|Goethe and "Bettschatz"|
Some back history, which Kundera gets right. Goethe first met Bettina in the spring of 1807. She was twenty-two, about the same age as Goethe when he fell for her mother, Maximilian, back in his youthful Frankfurt days. This earlier infatuation with her mother may have led Bettina to imagine that she could be Goethe's daughter. As Kundera writes, the feeling grew in her that “she had some sort of secret right to the great poet, because in the metaphoric sense (and who should take metaphors seriously if not a poet?) she considered herself his daughter.” In any case, she developed what might be called hero worship for the great man. She was a small person and played on being a child, a figure like that of Mignon in Goethe's Wilhelm Meister novel. She liked to sit on the floor; later she wrote that she had sat on Goethe's lap. They met very few times: in Kundera's reckoning six times in the course of twenty years. But she wrote him fifty-two letters, in which she addressed him with the familiar “you” form. These letters were the basis of the book she published after Goethe's death, Goethes Briefwechsel mit einem Kind. As Kundera points out, it was not until 1920 that the authenticity of the correspondence was questioned, when the original letters were discovered and published.
“The gallery of Goethe's loves” (Frederika, Lotte, Lily, Ulrike) usually excludes his wife, Christiane: “The public refuses to see Christiane as one of Goethe's love simply because Goethe slept with her. For love-treasure and bed-treasure were mutually exclusive entities.” The dismissal of Christiane has deep roots, starting in the culture of Weimar, but Bettina added some fuel to it. It is with an encounter between Christiane and Bettina at an exhibition of paintings that Kundera begins his story. The date is September 13, 1811. There was a disagreement about the merits of the paintings, and the upshot was that Christine knocked the glasses off of Bettina's face. It was a very rude thing to do, but Christiane knew that Goethe had approved of the paintings that Bettina was criticizing. Moreover, Bettina's husband was a prominent figure among the Romantic poets to whom Goethe had an aversion. Christiane was also probably sick and tired of Bettina flirting with Goethe.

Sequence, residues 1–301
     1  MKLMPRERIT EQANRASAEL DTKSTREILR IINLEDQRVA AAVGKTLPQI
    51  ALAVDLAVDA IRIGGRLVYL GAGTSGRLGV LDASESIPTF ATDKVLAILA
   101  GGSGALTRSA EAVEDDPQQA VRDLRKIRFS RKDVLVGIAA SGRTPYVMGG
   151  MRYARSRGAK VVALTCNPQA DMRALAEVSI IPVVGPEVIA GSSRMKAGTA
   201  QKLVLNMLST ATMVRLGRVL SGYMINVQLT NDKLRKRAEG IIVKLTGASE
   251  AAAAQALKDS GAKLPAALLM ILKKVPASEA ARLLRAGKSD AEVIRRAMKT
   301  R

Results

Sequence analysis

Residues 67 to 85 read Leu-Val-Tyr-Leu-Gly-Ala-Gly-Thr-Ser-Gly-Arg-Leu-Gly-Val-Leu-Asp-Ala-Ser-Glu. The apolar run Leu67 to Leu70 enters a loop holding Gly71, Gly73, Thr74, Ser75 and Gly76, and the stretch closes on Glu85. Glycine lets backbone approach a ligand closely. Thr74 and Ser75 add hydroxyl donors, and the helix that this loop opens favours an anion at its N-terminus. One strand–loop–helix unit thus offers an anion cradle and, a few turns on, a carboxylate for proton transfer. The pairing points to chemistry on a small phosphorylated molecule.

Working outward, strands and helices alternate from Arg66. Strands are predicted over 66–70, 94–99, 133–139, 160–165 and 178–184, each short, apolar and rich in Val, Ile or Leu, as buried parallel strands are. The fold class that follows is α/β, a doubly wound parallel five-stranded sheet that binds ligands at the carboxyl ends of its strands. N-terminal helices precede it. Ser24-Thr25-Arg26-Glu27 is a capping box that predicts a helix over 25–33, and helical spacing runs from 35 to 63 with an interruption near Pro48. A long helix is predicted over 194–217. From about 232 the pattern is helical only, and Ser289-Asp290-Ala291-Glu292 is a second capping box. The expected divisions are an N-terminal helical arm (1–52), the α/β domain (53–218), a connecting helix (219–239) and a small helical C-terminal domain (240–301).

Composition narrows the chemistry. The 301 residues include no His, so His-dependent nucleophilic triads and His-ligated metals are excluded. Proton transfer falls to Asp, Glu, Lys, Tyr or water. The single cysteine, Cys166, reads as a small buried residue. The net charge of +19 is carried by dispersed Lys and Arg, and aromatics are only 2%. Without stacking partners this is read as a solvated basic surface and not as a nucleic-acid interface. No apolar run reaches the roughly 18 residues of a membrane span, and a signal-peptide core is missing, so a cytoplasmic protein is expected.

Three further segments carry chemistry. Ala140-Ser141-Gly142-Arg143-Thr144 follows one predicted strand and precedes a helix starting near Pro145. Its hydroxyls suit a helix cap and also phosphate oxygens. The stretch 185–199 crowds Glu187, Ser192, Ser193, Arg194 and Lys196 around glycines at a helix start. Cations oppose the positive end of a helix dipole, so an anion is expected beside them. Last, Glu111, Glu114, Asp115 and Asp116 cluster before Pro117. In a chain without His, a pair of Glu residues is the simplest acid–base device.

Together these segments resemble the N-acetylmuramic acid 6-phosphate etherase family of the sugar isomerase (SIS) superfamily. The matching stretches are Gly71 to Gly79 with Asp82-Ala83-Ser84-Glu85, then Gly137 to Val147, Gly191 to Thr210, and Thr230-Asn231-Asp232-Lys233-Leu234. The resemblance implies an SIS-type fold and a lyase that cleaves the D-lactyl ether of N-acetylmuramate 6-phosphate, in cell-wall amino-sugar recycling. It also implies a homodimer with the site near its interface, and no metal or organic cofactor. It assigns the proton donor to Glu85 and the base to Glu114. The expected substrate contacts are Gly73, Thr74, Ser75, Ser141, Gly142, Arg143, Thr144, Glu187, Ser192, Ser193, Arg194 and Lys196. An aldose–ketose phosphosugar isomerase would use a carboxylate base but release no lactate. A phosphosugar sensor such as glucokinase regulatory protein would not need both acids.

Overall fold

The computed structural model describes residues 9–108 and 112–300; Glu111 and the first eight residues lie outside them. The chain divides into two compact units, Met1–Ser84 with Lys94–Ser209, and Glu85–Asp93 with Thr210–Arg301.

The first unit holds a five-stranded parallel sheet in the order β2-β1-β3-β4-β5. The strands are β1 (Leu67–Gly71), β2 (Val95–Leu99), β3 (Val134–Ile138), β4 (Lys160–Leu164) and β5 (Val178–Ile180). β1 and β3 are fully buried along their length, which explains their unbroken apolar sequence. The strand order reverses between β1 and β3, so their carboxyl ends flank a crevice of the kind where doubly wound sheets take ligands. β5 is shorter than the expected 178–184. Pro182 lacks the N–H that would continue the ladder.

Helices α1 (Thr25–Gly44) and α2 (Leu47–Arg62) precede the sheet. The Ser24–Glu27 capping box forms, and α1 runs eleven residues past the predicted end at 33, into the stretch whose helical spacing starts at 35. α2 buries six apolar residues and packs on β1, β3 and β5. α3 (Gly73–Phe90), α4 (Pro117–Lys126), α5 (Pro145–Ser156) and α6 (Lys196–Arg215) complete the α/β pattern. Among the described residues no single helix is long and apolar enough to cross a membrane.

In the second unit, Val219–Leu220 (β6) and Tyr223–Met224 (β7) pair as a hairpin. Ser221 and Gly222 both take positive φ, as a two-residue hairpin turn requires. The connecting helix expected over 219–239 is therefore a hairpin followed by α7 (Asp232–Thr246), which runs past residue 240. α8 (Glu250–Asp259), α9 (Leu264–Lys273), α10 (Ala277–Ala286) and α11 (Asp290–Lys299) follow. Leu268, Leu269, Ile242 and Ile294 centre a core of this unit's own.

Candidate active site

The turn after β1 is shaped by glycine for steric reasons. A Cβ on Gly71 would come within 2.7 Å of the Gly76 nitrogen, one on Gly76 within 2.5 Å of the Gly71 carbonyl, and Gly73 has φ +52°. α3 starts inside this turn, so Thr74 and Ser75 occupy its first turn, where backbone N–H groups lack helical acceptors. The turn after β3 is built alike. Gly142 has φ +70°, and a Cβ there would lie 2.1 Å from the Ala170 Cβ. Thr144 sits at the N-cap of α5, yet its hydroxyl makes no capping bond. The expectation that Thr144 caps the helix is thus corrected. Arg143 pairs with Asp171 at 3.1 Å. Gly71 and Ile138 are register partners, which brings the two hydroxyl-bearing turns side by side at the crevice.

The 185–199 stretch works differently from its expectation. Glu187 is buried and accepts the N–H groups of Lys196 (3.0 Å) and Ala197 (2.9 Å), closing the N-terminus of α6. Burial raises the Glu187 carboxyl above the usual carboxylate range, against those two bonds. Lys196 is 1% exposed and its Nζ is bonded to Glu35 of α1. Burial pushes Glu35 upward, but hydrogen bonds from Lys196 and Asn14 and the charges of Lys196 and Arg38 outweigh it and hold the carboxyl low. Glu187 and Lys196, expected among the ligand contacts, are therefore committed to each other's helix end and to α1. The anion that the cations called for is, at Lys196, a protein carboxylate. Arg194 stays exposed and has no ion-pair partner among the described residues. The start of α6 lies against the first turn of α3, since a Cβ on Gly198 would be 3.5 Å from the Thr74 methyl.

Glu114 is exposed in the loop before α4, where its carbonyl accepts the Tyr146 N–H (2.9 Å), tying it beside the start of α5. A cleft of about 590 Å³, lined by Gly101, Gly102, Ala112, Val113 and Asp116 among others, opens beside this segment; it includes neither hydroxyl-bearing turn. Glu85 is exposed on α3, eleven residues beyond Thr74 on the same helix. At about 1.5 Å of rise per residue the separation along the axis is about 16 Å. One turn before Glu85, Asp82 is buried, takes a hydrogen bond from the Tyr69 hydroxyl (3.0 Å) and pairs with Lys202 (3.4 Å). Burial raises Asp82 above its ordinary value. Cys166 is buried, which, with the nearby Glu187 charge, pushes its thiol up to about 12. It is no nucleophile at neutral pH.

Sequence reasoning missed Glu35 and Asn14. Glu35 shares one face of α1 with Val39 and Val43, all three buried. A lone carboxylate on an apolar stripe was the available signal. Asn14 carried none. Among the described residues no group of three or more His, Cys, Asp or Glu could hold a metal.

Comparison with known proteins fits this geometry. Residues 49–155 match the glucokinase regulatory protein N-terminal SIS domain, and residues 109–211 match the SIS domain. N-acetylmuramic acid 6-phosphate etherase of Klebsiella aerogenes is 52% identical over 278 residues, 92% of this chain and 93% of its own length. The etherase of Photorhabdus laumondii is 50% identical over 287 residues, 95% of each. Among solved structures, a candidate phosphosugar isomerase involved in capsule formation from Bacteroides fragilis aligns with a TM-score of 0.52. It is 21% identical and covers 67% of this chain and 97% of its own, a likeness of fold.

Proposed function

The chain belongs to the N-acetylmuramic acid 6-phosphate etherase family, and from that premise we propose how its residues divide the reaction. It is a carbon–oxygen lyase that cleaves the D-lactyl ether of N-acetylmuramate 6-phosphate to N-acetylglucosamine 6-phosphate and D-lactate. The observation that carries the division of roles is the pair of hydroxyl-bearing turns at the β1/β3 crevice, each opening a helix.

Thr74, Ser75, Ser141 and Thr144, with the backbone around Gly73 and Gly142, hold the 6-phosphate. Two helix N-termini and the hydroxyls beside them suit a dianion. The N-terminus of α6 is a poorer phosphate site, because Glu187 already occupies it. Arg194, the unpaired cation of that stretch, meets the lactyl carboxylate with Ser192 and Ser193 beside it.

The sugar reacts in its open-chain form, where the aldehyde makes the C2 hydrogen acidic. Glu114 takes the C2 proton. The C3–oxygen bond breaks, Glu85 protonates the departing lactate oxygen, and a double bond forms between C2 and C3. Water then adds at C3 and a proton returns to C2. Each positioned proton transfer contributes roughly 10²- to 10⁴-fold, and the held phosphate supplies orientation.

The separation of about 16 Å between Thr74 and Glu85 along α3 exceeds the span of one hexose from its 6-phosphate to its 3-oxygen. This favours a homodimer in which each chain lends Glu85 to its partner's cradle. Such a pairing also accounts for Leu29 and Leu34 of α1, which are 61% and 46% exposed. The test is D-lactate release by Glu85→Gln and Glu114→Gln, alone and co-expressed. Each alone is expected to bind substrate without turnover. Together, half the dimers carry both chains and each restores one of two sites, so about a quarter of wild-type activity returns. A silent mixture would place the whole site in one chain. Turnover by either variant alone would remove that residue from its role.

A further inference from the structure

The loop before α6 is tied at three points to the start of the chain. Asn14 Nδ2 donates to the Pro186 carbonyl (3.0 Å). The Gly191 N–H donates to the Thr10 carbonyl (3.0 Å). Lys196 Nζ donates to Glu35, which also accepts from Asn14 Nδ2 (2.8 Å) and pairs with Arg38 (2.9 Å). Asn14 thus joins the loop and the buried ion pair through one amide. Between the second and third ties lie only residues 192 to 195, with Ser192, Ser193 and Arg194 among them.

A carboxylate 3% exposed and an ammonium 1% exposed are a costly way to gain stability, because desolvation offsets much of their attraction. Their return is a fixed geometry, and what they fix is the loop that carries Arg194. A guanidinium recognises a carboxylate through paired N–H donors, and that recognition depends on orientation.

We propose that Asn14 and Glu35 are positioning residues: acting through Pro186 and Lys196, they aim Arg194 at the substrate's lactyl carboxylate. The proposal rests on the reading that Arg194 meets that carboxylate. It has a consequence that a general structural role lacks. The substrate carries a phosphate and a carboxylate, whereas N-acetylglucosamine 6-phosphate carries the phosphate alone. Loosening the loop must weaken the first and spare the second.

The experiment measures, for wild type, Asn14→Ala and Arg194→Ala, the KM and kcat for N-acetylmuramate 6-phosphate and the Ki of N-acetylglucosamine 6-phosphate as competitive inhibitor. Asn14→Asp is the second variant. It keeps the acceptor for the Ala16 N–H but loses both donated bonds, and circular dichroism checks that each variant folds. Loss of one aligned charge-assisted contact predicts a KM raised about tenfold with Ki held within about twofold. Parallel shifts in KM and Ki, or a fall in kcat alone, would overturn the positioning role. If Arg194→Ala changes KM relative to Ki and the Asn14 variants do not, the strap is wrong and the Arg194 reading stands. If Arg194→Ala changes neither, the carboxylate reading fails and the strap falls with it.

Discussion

Goethe cut off contact with the Arnims then and there, which caused Bettina go on a tear in the salons of Weimar, saying of Christine: “That fat sausage went crazy and bit me!” As Kundera writes, true or not, it has become an “immortal remark," cementing an unflattering image of Christiane.
In the 20th century, Romain Rolland became “a witness for the prosecution of the eternal trial conducted against Goethe.” For Rolland, the self-professed progressive intellectual, the Teplitz episode was an allegory: Beethoven as a radical, Goethe as a reactionary. Kundera finds the anecdote nonsense, even preposterous. Beethoven, after all, had not hesitated to compose for royalty; he even wrote a Polonaise for the Empress of Russia. An alternate allegorical picture would interpret Beethoven striding past the Empress as a statement on behalf of creativity: works of art are immortal, unlike wars or aristocratic costume balls. (Goethe would have felt the same way, but would have been more circumspect.) Those who applaud Beethoven fail to understand his pride as an artist: they are, as Kundera writes, for the most part people blinded by politics. Romain Rolland “would surely have bowed much more deeply than Goethe, if he had encountered Stalin on a path in Teplitz.”
Rolland (along with Rilke and Paul Eluard) also criticized Goethe for not properly loving Bettina and instead preferring his wife. Christiane was described by Rolland as “jealous,” “fat,” “ruddy and corpulent,” and “importunate.” This is surprising for an admirer of the proletariat:
“Why did it never occur to the friend of the proletariat to elaborate the anecdote with the glasses into an allegory, in which a simple woman of the people rightly punished the arrogant young intellectual while Goethe, having taken his wife’s part, strode proudly forward with head held high (and hatless!) against an army of aristocrats and their shameful prejudices?”
Picture credits: SWP.de; Interlude; Alamy Stock Photos